Lucy Woodcock is 26 years old, and originally from Derby. She was President of Bath University Students’ Union in 2016/2017. She is a supporter of For our Future’s Sake and the Conservatives.

In the last general election, I – like far more young people than many would have you believe – voted Conservative. Taking everything into consideration, I genuinely believed that as a party of free minds, free people and free markets, they were the best to deliver on the EU referendum result.

It goes without saying that when Theresa May arrived at Number 10, she was essentially taking a large sip from the poisoned chalice left for her by David Cameron, and had to fasten her seatbelt extra tight for what would undoubtedly be a roller-coaster ride ahead.

With the referendum result so close, she faced a divided country and an incredibly challenging situation. Amidst two years of political chaos, she has worked tirelessly to deliver on the referendum and negotiate Britain’s way out of the EU.

It can’t have been easy, but she has stuck with it. She has been continually let down, as many faltered have around her. The merry men of Brexit, such as Boris Johnson, David Davis, and Dominic Raab have gone, stabbing her in the back and left her wondering who she can really trust. Now this takes some resilience. She has rightly gained the sympathy of the British public for this.

I genuinely believe that this Brexit Deal – which by all accounts makes us poorer, less powerful and prosperous – is the best that May could get. Yet despite all her diligent efforts, the EU Withdrawal Agreement that’s been presented to us is a million miles away from the promises made in 2016, and too many red lines have been crossed.

If the Prime Minister really thinks that following through with this proposed deal is in the best interests of our country, I say it’s time to take off the rose-tinted glasses and stare down the barrel at the reality of what we’re being faced with.

Nobody voted for a deal that would make people poorer, curtail our rights, and limit opportunities. Nobody voted for a deal that would see our public services worse off and further damage the NHS. Nobody voted for a deal that would see us paying a £50 billion divorce bill and get nothing in return. Simply put, the deal is disastrous, and we’re not buying it.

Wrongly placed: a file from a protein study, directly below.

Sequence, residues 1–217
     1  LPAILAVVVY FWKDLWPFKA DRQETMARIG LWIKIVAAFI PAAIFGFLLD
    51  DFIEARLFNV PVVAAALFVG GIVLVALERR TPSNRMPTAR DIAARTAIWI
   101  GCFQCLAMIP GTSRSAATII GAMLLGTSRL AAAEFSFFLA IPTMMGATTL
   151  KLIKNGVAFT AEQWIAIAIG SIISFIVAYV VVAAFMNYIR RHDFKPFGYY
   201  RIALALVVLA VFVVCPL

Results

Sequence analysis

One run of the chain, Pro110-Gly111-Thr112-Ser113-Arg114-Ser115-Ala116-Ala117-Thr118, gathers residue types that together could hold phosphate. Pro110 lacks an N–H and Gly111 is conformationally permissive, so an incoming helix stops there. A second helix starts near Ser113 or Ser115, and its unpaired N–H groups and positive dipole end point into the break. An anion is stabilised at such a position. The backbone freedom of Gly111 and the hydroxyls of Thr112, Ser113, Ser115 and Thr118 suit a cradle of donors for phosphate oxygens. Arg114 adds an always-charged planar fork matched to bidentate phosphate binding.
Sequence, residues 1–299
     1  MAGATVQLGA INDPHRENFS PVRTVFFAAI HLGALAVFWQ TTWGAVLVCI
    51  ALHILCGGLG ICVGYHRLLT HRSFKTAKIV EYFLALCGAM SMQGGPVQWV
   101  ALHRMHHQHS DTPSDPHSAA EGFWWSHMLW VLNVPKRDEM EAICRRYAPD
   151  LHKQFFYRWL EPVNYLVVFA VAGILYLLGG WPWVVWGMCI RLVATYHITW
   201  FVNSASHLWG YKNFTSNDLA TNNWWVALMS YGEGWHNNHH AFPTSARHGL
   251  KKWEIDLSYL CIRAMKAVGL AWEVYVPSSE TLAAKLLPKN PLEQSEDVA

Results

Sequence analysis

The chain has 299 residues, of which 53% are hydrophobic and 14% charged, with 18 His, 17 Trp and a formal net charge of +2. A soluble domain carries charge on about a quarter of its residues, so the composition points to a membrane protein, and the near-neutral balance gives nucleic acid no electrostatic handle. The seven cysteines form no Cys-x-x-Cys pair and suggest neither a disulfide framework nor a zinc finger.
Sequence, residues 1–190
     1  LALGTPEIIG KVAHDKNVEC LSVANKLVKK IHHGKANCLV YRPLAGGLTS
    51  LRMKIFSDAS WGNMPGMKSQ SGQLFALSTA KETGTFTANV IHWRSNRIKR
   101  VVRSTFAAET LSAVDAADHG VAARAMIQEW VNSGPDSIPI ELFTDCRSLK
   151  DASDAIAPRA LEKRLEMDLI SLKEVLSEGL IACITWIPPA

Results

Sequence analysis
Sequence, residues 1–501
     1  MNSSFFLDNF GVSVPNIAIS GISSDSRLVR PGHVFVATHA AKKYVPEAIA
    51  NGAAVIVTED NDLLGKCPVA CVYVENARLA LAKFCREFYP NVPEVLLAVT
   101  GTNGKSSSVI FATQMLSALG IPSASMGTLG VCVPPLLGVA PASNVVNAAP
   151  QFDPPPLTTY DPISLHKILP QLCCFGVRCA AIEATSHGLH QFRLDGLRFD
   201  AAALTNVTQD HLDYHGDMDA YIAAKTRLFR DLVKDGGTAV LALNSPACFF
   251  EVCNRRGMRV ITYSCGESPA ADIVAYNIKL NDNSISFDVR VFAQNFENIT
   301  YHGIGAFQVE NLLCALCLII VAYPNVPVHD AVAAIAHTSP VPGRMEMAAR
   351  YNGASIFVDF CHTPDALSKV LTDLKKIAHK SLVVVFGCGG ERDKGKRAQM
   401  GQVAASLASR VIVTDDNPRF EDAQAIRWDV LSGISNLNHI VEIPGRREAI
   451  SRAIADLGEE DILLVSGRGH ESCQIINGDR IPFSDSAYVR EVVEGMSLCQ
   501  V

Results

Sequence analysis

And as much as the Conservative Party would like to think otherwise, it’s not just staunch Remainers that think this way. Those on the fence and many who originally supported Leave, have now concluded that this deal is simply not acceptable and that the people deserve a final say.

For months, we’ve been presented with the false binary option that it’s either May’s deal or no deal; a quite frankly feeble attempt to scaremonger and back people into supporting a shoddy deal. But we know that this isn’t the case. There is absolutely another option on the table and that is a People’s Vote.

At a time of national crisis, the Conservative Party has a lot to answer for. There’s been an utter lack of unity; instead we’ve witnessed MPs going rogue, briefing against each other, trying to stage a coup, and selfishly putting their own interests first. The salient image for me was Jacob Rees-Mogg holding his impromptu, self-serving, al-fresco press conference, as if he was the almighty saviour we’ve all been looking for.

Young people like me will never forgive a Conservative Party that sells our futures down the river. And when young people say something, trust me, we mean it. Just look what happened to the Liberal Democrats when they lied to us with tuition fees.

I therefore plead with the Prime Minister. If anything is clear from the madness of the last few days, it’s that there is no majority for her deal in Parliament. It will fall. At that point, a catastrophic No Deal becomes a very scary reality.

Despite this, May is determined to just get on with it. But getting on with it simply isn’t good enough. What happened to the hopes and dreams of a better future for the United Kingdom? As Jo Johnson MP rightly said last week – “how did our aspirations for ourselves as a country fall so far, and so fast?”.

There are thousands – if not millions – of young people like me, who hold the keys to key marginal seats and Downing Street for the Conservative Party. At a time when the Labour Party look like a less than appealing prospect, and most other parties irrelevant, there is a significant opportunity for May.

But only if she stands by the courage of her convictions.

And this is more than high-minded idealism. The reality is that a People’s Vote might be the only thing which keeps the Conservative Party together.

Right now the Conservative Party look like self-serving politicians, climbing over each other to be next in line for the throne. May can rise above that. She can be the Prime Minister who finally gives the British people a clear choice on the biggest political issue of our lifetime.

And if she does that, she may just be the Prime Minister that saves the Conservative Party as well.